Can Fibromyalgia Be Hereditary?

Can Fibromyalgia Be Hereditary?

Through the Fog

Did you know that siblings, children, and parents of someone with fibromyalgia are eight times more likely to get fibromyalgia than those in families that don’t exhibit the disorder? It could be the result of a genetic tendency that is passed from mother to daughter. There may also be a hormonal component, which could explain why more women than men are affected.

The genetic tendency can be triggered by a traumatic event, such as:

  • a car accident
  • an extended hospital stay
  • an injury
  • surgery
  • giving birth
  • a viral infection

A stressful event, such as:

  • a divorce
  • a death in the family
  • being in an abusive relationship

These events and situations will not necessarily result in someone getting fibromyalgia, but if you are predisposed, an event such as these can trigger it.

Although my own symptoms began many years ago, they dramatically increased after the death of my father. Although there is not a specific gene for fibromyalgia, such as the one for cystic fibrosis,  multiple genetic components can predispose a person to the disorder, given the right set of circumstances.

According to researchers, fibromyalgia is 50% genetic and 50% environmental. In my immediate family, I have two daughters who have been diagnosed with fibromyalgia. One daughter was 16 and one was 22, although both showed symptoms for years. I was in my mid-50s when I was diagnosed, but I’ve had worsening symptoms for years. My sister doesn’t have it, but one of her daughters does. Does it run in your family? I’m curious to know why it seems to be passed down to daughters.

According to an article on

“Four different gene variants are strongly associated with the condition. Some of the genes play a role in the nervous system’s response to pain and pressure. Others are the same genes associated with depression which is why certain anti-depression medications help to reduce fibromyalgia symptoms. Even if you are not depressed, you may be prescribed antidepressants as part of your fibromyalgia treatment plan. Although there are links between certain genes and fibromyalgia, a specific gene has not been identified. In other words, it’s still too soon to for genetic testing or screening to be of any use.”

I’m hopeful in the future that there will genetic testing available for FMS. I believe they are close to developing a blood test that can confirm a positive diagnosis.

Although there is an increased risk of our children getting fibromyalgia, it is not a by any means a foregone conclusion.

Note: Fibromyalgia News Today is strictly a news and information website about the disease. It does not provide medical advice, diagnosis, or treatment. This content is not intended to be a substitute for professional medical advice, diagnosis, or treatment. Always seek the advice of your physician or other qualified health provider with any questions you may have regarding a medical condition. Never disregard professional medical advice or delay in seeking it because of something you have read on this website. The opinions expressed in this column are not those of Fibromyalgia News Today or its parent company, BioNews Services, and are intended to spark discussion about issues pertaining to fibromyalgia.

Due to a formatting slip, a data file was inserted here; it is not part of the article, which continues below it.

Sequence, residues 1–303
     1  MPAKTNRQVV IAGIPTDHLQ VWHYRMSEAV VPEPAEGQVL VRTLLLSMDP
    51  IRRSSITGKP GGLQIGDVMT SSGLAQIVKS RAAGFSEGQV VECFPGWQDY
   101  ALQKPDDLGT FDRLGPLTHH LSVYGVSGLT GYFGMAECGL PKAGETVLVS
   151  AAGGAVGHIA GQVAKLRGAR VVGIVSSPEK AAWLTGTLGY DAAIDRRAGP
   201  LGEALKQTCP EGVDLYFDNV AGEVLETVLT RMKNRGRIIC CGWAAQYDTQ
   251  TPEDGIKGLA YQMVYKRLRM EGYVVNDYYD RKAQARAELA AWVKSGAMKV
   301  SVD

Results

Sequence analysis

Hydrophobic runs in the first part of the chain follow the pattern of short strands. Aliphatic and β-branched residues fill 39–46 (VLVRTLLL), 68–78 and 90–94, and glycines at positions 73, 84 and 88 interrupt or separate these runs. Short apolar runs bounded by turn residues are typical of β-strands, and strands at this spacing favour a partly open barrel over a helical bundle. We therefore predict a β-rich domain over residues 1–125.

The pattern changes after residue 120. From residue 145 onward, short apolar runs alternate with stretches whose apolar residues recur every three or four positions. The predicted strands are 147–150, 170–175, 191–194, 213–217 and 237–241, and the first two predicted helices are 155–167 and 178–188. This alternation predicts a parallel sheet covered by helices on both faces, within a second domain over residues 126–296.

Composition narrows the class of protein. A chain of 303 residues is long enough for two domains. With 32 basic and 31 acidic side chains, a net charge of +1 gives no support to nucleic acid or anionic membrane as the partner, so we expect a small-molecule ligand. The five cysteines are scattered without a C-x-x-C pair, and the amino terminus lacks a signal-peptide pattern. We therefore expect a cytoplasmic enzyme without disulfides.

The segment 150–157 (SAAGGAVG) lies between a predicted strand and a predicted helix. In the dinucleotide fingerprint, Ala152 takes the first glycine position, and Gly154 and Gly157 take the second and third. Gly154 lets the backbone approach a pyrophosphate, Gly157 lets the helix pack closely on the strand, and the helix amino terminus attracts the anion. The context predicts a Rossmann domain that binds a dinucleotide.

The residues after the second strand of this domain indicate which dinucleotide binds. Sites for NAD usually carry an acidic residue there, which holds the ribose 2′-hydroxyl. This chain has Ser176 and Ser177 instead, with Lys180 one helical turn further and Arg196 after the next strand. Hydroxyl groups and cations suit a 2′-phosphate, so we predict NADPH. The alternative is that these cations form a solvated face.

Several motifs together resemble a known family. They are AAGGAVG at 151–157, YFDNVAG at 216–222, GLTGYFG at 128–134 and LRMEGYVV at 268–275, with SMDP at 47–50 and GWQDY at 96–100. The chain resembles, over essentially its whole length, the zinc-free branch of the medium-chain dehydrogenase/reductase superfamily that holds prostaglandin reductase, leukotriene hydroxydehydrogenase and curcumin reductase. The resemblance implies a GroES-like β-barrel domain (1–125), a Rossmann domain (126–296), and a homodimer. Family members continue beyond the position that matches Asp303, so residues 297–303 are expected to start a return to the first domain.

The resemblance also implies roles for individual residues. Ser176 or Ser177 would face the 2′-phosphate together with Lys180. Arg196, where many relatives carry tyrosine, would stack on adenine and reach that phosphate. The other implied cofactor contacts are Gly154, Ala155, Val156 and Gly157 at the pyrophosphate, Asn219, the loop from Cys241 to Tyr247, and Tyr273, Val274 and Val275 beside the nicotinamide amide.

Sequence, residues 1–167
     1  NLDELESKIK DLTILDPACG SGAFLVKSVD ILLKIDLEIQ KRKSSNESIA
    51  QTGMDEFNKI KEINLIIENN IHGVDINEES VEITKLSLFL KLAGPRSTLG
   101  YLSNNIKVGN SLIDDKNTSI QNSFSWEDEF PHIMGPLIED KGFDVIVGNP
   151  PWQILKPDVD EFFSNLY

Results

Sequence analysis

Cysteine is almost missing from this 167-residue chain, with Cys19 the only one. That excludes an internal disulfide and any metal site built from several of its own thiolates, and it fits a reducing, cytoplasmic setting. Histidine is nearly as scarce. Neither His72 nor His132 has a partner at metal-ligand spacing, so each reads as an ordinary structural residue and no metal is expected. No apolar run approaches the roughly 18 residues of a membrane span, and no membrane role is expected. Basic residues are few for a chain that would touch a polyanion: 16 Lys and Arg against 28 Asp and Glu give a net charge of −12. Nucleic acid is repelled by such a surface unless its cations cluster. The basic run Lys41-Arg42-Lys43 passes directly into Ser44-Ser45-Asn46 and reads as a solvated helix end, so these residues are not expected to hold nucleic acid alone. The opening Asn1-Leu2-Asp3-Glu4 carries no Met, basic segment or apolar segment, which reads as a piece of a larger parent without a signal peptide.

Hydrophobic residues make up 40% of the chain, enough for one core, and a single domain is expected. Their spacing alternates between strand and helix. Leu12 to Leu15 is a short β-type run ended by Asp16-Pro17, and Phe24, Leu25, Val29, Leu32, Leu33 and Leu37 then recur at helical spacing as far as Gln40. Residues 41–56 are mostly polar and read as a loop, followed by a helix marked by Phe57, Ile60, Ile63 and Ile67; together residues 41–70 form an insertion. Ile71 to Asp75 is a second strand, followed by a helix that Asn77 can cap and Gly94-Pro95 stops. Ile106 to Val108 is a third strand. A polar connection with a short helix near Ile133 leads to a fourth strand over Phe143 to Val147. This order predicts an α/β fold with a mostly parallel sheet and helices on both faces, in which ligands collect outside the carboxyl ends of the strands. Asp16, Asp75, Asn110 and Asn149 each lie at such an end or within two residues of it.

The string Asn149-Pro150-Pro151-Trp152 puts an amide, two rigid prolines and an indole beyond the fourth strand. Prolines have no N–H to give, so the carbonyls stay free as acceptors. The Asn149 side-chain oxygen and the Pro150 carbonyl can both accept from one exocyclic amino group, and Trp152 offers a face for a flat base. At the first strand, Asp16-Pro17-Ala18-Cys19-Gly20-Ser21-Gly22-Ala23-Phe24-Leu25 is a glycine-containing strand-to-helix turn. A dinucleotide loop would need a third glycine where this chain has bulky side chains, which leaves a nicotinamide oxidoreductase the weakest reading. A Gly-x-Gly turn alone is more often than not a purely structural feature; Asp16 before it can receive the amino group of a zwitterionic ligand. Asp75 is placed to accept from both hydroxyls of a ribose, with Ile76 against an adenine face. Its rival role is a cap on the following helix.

1. Marcia Harper says:

    Hi Robin I have fibromyalgia it came out when I lost my 18yr old son 3 yrs ago,my mum also has chronic pain and I’ve told her she has fibro she is now going to see her Doctor.she has had chronic pain for a very long time I told it was hereditary. We are going to get my younger sister to get checked out.x

    • Robin Dix says:

      Marcia, first of all let me say how sorry I am about your son. I can’t even fathom what that loss is like ☹️️ I’m thankful you are getting your mum and younger sister checked out. I’m here for you fellow Fibro warrior ????

      • Marcia Harper says:

        Thank you Robin it’s been a really hard road but I getting there slowly I miss him so much. I’m going to the doctors with my mum and telling him about fibromyalgia I do a lot of research into it, I like to know what I’m dealing with.I’m on morphine patches which is helping I also have ptsd so I’m on a lot of tablets that help both.

  2. Annetjie Botha says:

    I had a mysterious virus that caused severe pains, rashes, light sensitivities. Pains worse than migraine. I honestly thought i was dying, memory loss as well. It took my body about 4 months to fight it. My fibromyalgia symptoms started after that. It took 9 years to be diagnosed.

    • Heather says:

      Hi Annetjie, I was reading your comment about being diagnosed with fibro after a long illness. I often wonder if illnesses have not been what eventually triggered my fibromyalgia. My immune system is low but has been lower in the past. My sister also struggles with getting sick a lot. It is also a wonder that something in our environment isn’t a possible cumulative culprit over time. And, I have also wondered if it isn’t a kind of nerve allergy. Not sure that makes sense. I hope you are doing well 🙂